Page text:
From 2001 to 2010, corrupt leaders and their cronies siphoned more than $5.86 trillion from the national economies of developing nations. For every $1 that taxpayers send Africa in development aid, some $10 leaves the continent in illegal cash transfers. This is money that could--and must--be used to build roads, schools, water treatment plants, and hospitals, not to line the pockets of an unaccountable elite.
Thanks to advances in technology and expanding access to public records, we are in an unprecedented position to know and report more than ever before on both the flow of illicit cash and the spending habits of government officials and their friends.
At a time when dictators regularly employ the latest technology to plunder their nations--wiring ill-gotten gains to offshore accounts, buying lavish properties far from their countrymen's eyes, using family and friends to skim a percentage off government contracts--it takes a similarly global effort to challenge that corruption, one that unites the observations and experiences of citizens the world over with the most solid journalistic skills.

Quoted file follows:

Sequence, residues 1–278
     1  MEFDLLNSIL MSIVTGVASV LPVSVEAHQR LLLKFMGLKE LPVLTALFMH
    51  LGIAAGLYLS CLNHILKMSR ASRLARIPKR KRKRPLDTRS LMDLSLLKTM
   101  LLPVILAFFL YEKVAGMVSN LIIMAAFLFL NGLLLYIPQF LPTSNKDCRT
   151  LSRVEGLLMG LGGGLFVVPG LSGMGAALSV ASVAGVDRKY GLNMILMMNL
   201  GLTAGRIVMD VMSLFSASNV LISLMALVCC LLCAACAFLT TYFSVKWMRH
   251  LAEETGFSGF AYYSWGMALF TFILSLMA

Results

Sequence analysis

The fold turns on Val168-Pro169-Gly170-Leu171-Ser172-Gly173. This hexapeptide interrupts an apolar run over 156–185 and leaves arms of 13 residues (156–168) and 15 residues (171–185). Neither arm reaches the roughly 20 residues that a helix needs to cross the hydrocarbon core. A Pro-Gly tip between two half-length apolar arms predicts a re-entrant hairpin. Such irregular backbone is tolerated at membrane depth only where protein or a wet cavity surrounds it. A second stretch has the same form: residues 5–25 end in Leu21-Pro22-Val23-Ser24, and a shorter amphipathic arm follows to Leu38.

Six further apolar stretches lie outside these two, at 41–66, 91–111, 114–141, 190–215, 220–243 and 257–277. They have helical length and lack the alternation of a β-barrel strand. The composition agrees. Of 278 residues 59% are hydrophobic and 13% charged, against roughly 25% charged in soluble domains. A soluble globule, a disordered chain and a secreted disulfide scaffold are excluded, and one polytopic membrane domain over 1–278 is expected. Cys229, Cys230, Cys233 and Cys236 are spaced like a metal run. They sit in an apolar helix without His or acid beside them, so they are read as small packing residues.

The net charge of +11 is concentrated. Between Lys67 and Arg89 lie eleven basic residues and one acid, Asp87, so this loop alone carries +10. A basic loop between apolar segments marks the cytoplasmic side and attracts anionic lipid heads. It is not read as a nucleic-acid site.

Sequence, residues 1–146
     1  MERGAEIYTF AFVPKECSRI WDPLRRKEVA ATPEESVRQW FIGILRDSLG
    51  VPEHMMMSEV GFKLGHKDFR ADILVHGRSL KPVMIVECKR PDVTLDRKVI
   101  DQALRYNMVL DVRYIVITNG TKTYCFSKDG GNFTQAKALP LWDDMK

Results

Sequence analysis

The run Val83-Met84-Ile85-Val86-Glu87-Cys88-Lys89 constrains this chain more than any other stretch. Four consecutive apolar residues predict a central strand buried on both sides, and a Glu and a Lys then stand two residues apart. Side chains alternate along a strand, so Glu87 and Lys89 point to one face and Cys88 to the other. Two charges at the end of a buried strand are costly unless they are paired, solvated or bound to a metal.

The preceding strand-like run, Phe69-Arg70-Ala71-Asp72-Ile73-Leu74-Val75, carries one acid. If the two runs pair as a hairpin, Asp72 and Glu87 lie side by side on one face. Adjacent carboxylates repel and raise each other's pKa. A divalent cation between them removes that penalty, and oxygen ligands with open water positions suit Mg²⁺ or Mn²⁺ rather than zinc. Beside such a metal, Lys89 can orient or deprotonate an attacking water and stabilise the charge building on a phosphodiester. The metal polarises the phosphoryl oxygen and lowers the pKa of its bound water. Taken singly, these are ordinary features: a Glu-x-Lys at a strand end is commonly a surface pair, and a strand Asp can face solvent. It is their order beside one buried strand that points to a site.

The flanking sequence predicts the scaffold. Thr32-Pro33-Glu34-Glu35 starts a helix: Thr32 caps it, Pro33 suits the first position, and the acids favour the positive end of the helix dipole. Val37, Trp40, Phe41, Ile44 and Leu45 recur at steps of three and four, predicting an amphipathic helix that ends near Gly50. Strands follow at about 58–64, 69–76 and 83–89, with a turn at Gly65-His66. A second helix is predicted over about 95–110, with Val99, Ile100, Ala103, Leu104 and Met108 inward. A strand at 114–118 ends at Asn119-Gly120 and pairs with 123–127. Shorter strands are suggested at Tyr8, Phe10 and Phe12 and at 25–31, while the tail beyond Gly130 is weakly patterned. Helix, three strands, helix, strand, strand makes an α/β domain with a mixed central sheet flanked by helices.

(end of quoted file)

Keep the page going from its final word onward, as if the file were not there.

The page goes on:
Over the last two years, we have built a platform for domestic and international reporting around a towering global issue, where sources can submit--anonymously, if necessary--news tips and evidence of corruption. These become the raw material for stories to be reported and written by our professional journalists, and presented in hard-hitting news reports available to a worldwide audience.